I won’t be caught off guard if my retirement money disappears, or due to inflation is worthless by the time I am 65. Yet the work which takes place inside of a library will still be useful to folks 30 years from now. I got my first library job when I was 18. In my year and a half at the Olive Kettering Library of Antioch College I learned the ropes of checking things out to people using the stamp-card system which will come back into play when computers are no longer serviceable. I learned to shelve, shift whole stacks, do some basic interlibrary loan work, and a slew of other beginners stuff.
Then I got my current job at age 21. I continued to learn, this time in a Public Library. I learned the intricacies of a huge system divided into a number of different subject departments. The Main Library has three public floors of books in one building, a connector bridge with magazines and two public floors of books in the other building. Then we have the stacks with three floors of books and materials in one building, and three more in the other. I know my way around this huge collection very well now and have a knowledge of the general content, and an intimate knowledge in certain subject areas. Yet many people who have gotten a degree or in to a higher paying position from outside don’t know their way around what is the bedrock of the whole institution: the collection itself.
I am sure similar stories could be told from people in other fields. The point is, that by starting from the bottom you gain a ground level knowledge and fortify your learning of the cornerstones with hands on experience.
Having spent a sufficient number of years becoming intimate with the collection, I am well situated to become a JOURNEYMAN –or in the parlance of my field, a Library Services Assistant. What has prevented me from promotion so far are the politics emerging from the HR department. This last sentence may have turned what I have said so far into a rant, but I assure you reader I am not trying to have a pity party. The job-seeking environment is incredibly competitive. However what I want to point out is the frequency with which people who have gotten into a “higher” position have not put in as much time with the Library or they came in from outside. De facto, they lack the intimate knowledge I have of the collection from working with it day in and day out. I guess I also am a believer in the timeless virtue of loyalty. And though there are no guarantees in life, rewarding loyal workers who have also demonstrated their competence, is still a foreign idea in environments which have been overly influenced by business books and current corporate philosophy.
In a traditional way of work, starting with the basic elements and moving to the more complex procedures of a given operation would be the natural way of progression -if a person had the inclination, diligence and willingness to learn. As people once again stop attending college, those organizations which continue to exist would do well to have more in-house teaching, training, and one-on-one learning. So often I see people in the workplace come into a job and struggle to gain a thorough command of the collection -which is what the best librarians have. While they may have greater or lesser technical know-how in “Library Science” which now has an increased focus on digital collections, archiving, and so-called social media (which will all become obsolete once the products are no longer capable of being produced) they would be hard pressed to figure out a system for reintroducing card catalogs, or reproducing the system for checking out books to patrons by hand. Those low-tech options will become relevant again in short time. Other fields of work probably have other low-tech options available to them.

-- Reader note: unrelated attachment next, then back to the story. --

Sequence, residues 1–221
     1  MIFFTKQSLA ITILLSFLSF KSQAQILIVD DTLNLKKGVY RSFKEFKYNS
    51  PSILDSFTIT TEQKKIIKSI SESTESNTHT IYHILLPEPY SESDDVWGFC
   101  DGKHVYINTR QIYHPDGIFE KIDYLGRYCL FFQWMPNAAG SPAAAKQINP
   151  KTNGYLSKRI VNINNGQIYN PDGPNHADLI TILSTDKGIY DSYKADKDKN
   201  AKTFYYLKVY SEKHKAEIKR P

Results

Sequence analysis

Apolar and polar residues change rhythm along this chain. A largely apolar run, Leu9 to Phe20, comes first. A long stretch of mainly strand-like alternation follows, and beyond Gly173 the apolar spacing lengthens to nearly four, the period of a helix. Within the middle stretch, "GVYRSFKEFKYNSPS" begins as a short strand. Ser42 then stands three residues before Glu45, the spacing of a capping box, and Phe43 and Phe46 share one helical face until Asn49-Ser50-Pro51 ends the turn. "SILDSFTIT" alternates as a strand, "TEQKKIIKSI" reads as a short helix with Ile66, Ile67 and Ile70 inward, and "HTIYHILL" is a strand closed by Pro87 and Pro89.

What does it mean then to become a MASTER in any field? We may have to search harder for examples, but they are out there among those who have chosen a line of work and stuck with it for the long periods of time it takes to exemplify all that a Master is. From the ineptitude seen by those who postpone “real life” for an extension on their adolescence, it looks like the future may well have less masters in any field than it needs. Society will instead have a glut of adult children who are continuing to party and get high off the fading fumes of gasoline. For those of us who are going to look at the challenges facing human continuity with a sober mind, we can skip the fancy pieces of paper and get to work honing our own skills.
Although competition among those with degrees has increased there will be other work to do besides. The important work of saving the best of our current civilization to be used by our descendants and those who will build a new civilization in the future. How people will be compensated is something else that organizations can look to the guilds of old for guidance on, and will be explored in part two of this series. This will become more and more relevant within what remains of the workplace as benefits continue to disappear. Some of those bottom feeders who remain sticking things out in particular types of 9-5 jobs may well see a “promotion” in their future -even as society as a whole becomes demoted from the lifestyles people are currently accustomed to living in.